Robert Clay's Reviews > Phantastes

Phantastes by George MacDonald
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Oct 14, 2009

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Read in January, 2011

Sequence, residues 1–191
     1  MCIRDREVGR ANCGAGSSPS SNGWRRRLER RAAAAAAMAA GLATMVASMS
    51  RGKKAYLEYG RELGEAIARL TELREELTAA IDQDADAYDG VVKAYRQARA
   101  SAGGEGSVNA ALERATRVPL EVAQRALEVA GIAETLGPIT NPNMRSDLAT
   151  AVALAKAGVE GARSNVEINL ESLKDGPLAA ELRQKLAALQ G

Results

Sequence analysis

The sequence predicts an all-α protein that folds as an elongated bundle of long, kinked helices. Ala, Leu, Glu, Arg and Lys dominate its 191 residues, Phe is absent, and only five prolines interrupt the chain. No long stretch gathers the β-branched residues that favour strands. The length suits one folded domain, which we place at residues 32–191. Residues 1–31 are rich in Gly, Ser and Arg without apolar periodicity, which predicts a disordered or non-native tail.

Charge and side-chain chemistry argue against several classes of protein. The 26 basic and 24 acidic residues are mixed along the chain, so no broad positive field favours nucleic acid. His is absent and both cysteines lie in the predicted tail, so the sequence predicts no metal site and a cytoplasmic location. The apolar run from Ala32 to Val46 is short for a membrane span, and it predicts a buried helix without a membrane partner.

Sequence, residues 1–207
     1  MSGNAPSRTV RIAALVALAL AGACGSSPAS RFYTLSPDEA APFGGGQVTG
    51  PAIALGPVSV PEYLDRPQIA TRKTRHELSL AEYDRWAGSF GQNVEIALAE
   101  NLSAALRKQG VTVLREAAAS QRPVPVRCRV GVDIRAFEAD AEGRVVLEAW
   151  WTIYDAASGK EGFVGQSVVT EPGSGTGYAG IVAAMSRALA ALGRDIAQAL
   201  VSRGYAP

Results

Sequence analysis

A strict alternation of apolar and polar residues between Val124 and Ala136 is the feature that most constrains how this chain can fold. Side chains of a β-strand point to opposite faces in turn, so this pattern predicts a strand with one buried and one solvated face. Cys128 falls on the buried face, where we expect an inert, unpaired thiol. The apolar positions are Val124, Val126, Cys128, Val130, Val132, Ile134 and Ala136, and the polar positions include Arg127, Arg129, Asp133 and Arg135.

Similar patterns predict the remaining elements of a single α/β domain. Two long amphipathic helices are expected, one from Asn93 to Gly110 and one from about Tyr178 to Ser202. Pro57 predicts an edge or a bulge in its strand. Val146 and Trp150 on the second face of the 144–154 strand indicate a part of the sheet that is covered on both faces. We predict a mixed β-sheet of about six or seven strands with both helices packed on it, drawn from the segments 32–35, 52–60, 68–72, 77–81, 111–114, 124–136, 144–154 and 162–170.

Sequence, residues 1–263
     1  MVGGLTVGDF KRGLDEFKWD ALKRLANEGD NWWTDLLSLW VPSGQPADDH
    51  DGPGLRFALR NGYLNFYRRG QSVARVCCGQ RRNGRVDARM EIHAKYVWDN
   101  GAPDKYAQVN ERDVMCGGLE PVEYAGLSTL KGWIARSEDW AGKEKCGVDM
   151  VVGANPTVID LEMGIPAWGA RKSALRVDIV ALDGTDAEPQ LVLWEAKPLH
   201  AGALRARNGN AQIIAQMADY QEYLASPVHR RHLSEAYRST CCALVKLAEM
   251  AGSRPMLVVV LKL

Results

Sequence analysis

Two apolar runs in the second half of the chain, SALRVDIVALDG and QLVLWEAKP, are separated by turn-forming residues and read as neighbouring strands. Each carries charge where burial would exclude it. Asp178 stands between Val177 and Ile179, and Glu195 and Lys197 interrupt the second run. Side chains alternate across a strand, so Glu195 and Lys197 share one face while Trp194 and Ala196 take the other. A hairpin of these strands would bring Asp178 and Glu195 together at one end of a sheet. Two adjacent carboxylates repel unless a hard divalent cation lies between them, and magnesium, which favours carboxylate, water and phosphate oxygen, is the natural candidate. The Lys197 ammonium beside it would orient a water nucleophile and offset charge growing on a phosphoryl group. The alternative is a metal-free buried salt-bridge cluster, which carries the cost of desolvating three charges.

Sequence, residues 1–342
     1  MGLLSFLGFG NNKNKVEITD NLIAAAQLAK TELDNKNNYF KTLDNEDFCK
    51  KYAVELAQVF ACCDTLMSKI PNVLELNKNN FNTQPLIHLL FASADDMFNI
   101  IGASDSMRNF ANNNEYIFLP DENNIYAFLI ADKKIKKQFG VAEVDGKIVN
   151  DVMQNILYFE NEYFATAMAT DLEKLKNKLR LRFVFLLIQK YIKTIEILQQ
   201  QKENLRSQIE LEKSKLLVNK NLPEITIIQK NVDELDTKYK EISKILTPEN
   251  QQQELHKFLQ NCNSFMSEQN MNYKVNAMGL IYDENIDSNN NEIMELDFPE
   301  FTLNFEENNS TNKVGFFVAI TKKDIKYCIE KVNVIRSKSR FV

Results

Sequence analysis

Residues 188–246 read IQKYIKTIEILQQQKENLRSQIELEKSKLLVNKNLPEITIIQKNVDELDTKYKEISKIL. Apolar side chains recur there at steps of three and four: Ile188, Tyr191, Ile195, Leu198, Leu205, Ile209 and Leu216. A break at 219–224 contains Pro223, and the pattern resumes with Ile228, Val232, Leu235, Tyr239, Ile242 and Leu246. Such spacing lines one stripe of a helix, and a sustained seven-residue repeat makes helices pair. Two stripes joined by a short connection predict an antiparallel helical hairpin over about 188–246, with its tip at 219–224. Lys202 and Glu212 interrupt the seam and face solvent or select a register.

I became interested in George MacDonald after learning of his profound influence upon C.S. Lewis. This book, and MacDonald's other "fairie tales", are generally regarded as foundation stones of the sprawling palace that is the modern fantasy literature genre (many regard MacDonald as having practically invented the genre). Needless to say, I approached the book with high hopes; undoubtedly a bit too high. "Phantastes" was published in 1858; it is from a very different era, and must be recognized as such. It is not what I would consider a coherent novel with a singular plot, but rather, a rambling first person account of the varied adventures experienced by the author while in Fairie Land. I was considerably pleased upon first taking up the book, but by about the halfway point (the protagonist's time spent in the Fairie Palace) I was feeling bogged down and bored. The romantic, descriptive, highly sentimental language employed by MacDonald throughout the book I often found to be a bit much, even, dare I say, sappy (again, I'm the product of a different age). Still, at other times, I found his sentiments to be deeply profound, and beautifully expressed; I must confess, I think much of it had to do with the mood I myself happened to be in at the particular time of reading. Toward the end of the book, I found myself enjoying it again, and pleased to have read it (even if largely because it is regarded as such a seminal work). I can't say I'm rushing out to purchase another MacDonald tale, but I expect I'll read more of him sooner or later. I've heard good things about the "Curdie" books.

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